As mentioned earlier, Quentin Tarantino had the best story-telling riffs during today’s “Directors on Directing” panel discussion at Santa Barbara’s Lobero theatre. I’m posting three Tarantino excerpts here. I’m sorry I missed his boast about being the owner of the only repertory house in Los Angeles (i.e., the New Beverly) and how he’ll “burn the place down” before he shows anything there with digital projection.
The first [above] is a story that Brian DePalma told him about his feelings in 1980 regarding Blow Out vs. Raging Bull. The second is a story about how he had to prove himself during his first week of shooting Reservoir Dogs. The third is a thought about how Avatar‘s 3D photography might have affected Kill Bill.
For those who don’t own the Criterion DVD of Stanley Kubrick‘s Spartacus (or who’ve never watched the extras), this Peter Ustinov recollection contains a funny, must-see Charles Laughton impression plus two or three stories about Laughton during pre-production and principal.
We all know that Hurt Locker helmer Kathryn Bigelow has been uninterested in playing the gender card when asked about her potential to become the first woman to win the Best Director Oscar. And The Winner Is columnist Scott Feinberg is nonetheless running quotes from three female directors — Gina Prince-Blythewood (The Secret Life of Bees), Kimberly Pierce (Boys Don’t Cry, Stop-Loss) and Heidi Ewing (Jesus Camp, 12th and Delaware) — about Bigelow being on the precipice.
I’ve just come from the “Directors on Directing” panel discussion at the Lobero theatre. A good one. Quentin Tarantino delivered the most entertaining riffs; Kathryn Bigelow and James Cameron, sitting beside each other, were a kind of tag team and ranked a close second. The other panelists were Lee Daniels (Precious), Pete Docter (Up) and Todd Phillips (The Hangover). It was moderated by Variety‘s Peter Bart.
As if by magic or cosmic intuition, yesterday’s suggestion that Santa Barbara Film Festival tribute ceremonies could use a little less discipline and perhaps unfold less smoothly and uniformly came true hours later during last night’s James Cameron tribute at the Arlington theatre. And everyone played their parts beautifully.
Except for the show starting almost 35 minutes late (i.e., around 8:35 pm), almost nothing happened as planned. Cameron began delivering his acceptance speech at the get-go as host Leonard Maltin stood on the opposite side of the stage, delivering one of the most elegant and controlled “what the fuck is going on?” emcee performances I’ve ever seen. (Somebody had mistakenly told Cameron to offer his profound thanks at the get-go.)
After four or five minutes Maltin called out to Cameron, “Sorry, but you’re stepping on my act! I’m supposed to be asking questions!” (Or words to that effect.)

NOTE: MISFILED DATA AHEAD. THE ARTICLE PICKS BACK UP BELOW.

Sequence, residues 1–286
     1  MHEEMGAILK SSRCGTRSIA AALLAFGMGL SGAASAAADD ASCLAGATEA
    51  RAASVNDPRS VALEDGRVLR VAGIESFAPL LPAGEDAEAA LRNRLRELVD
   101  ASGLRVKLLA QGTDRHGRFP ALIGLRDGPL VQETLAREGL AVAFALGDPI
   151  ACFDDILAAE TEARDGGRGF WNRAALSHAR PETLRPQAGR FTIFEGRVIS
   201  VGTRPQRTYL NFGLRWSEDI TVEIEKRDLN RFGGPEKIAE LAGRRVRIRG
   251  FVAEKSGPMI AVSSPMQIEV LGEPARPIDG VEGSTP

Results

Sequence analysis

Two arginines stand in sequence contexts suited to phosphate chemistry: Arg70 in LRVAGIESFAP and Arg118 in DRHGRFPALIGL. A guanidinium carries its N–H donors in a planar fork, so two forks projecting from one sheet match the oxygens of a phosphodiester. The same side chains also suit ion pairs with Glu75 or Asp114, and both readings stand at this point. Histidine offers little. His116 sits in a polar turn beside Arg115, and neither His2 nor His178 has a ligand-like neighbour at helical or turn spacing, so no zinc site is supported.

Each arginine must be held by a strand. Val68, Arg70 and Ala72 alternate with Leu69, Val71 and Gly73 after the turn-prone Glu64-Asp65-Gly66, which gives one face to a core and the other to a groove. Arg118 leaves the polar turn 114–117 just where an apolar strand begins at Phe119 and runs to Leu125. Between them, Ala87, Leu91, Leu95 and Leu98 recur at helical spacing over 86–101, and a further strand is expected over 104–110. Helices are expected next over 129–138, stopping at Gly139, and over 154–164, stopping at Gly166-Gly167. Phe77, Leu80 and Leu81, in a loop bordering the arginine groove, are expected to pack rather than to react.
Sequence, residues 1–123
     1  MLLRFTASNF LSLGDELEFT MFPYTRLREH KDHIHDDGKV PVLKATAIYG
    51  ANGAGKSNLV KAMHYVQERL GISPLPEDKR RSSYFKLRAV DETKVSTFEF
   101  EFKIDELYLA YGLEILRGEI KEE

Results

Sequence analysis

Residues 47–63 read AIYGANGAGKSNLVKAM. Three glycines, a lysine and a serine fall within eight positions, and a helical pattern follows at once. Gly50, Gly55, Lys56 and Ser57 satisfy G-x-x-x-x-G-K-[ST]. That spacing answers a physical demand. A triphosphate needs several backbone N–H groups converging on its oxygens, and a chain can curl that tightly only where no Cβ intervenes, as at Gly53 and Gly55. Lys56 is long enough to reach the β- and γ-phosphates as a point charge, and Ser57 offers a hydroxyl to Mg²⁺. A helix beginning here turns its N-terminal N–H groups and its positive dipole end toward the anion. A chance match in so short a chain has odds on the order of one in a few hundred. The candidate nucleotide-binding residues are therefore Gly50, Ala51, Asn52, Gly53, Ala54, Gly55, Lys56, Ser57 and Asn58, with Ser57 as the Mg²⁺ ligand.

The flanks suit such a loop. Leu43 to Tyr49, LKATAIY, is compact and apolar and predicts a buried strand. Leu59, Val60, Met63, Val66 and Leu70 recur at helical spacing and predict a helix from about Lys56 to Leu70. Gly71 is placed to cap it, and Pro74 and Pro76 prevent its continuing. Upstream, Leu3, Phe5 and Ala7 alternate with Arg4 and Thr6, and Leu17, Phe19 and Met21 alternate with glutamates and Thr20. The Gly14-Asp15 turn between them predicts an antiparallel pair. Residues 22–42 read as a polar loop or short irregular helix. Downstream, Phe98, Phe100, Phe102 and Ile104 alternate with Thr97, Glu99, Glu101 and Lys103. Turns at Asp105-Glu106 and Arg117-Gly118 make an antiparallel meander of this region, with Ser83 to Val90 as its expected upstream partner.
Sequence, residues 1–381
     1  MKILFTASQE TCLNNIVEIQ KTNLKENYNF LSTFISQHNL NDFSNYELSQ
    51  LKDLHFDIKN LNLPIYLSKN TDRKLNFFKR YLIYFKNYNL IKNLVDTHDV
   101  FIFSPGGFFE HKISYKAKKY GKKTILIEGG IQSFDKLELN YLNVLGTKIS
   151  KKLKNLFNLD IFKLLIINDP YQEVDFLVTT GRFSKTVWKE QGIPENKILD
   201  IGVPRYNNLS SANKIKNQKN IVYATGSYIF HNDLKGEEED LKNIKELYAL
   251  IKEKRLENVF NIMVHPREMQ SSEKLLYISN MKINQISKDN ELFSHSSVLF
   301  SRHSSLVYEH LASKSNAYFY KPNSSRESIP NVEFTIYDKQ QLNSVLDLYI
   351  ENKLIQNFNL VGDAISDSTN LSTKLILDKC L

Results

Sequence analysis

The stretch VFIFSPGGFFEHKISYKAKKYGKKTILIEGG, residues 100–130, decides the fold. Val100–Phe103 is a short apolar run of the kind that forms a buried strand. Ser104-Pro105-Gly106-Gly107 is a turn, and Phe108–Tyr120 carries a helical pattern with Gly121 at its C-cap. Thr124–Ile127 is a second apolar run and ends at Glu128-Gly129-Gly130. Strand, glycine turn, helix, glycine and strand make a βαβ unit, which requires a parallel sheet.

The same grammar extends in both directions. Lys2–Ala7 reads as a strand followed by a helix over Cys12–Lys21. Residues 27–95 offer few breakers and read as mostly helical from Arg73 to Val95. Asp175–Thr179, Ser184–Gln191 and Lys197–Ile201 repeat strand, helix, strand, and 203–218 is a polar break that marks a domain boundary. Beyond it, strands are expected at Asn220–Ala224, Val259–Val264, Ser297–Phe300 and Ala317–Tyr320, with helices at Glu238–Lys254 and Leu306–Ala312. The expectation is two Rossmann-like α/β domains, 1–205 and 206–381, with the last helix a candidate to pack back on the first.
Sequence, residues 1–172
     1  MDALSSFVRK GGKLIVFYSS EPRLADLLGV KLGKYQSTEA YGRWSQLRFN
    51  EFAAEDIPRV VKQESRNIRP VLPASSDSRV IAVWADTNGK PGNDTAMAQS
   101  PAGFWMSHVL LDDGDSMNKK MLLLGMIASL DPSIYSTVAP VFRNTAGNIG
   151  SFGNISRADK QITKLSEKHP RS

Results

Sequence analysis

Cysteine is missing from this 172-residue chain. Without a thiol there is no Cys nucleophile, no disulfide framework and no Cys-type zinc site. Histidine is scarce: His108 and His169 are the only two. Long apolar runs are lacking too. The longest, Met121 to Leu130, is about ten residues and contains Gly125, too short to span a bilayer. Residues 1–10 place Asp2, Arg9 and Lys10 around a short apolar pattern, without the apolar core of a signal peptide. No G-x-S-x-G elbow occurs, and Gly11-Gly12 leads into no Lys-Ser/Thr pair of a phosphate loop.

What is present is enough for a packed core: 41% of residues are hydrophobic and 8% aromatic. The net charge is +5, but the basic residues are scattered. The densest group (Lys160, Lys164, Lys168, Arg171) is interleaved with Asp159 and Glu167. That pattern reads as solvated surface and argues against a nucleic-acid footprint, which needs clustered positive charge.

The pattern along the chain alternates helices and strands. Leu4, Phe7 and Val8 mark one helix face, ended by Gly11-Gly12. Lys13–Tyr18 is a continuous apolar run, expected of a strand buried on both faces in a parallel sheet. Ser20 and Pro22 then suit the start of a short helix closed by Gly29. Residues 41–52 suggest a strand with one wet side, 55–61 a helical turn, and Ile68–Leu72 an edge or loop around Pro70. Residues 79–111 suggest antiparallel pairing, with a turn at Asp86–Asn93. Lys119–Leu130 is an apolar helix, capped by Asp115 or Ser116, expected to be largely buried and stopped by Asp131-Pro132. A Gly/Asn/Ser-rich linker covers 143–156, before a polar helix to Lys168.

The film clips (Aliens, The Terminator, T2, Titanic) were shown somewhat out of sequence, and again — it was like jazz. The feeling in the room was giddy, liberating. Half of the red punch had splashed out of the bowl and splattered on the floor, and the feet of Maltin and Cameron and some of the senior staff were damp with it. It wasn’t quite on the level of the Marx Bros. A Night at the Opera, but it was sneaking up on that. Sometimes life is not a West Point reville formation.
And then Cameron’s q & a with Maltin had to be interrupted to allow Gov. Arnold Schwarzenegger to present Cameron’s Modern Master award hastily, before the Santa Barbara airport closed. Silhouetted figures scampered out from backstage to confer with Maltin while the clips were playing. If I had a special mike I would have probably heard festival p.r. chief Carol Marshall say, “Pssst! Leonard! Governor Schwarzenegger has to leave now…cut short your discussion of Sigourney Weaver‘s riveting performance as Ripley or whatever…I know we didn’t plan it this way…of course!…but he has to deliver his speech now!”).
Perhaps I’m slightly exaggerating the feeling of disorder, but it was certainly noticable and amusing — a feeling of “this isn’t in the script.”
We all think we need order and prudence in our lives, but what we really need is an occasional shot of uncertainty or even chaos to clean the blood out. Nights like last night make existence on this planet seem like the ribald and foolish farce it actually is deep down. They force everyone to think quickly on their feet, and transform fleeting anxiety into humor and sparkle and goobah-goobah-goobah. Please, give us more tribute sessions like this!
I was sent to the wrong after-party (i.e., a second-tier gathering on the Santa Barbara pier) but I eventually figured things out and made my way over to the correct one. I had a great chat with Cameron (which included a somewhat clumsily-spoken woman coming up to him and blurting out a complaint about Avatar) but I can’t share until later.
I have to drive a friend down to Point Dume and then turn around and be back by 10 or 10:15 am in order to get to the Directors panel at the Lobero theatre, which starts at 11 am. It’s now 7:03 am.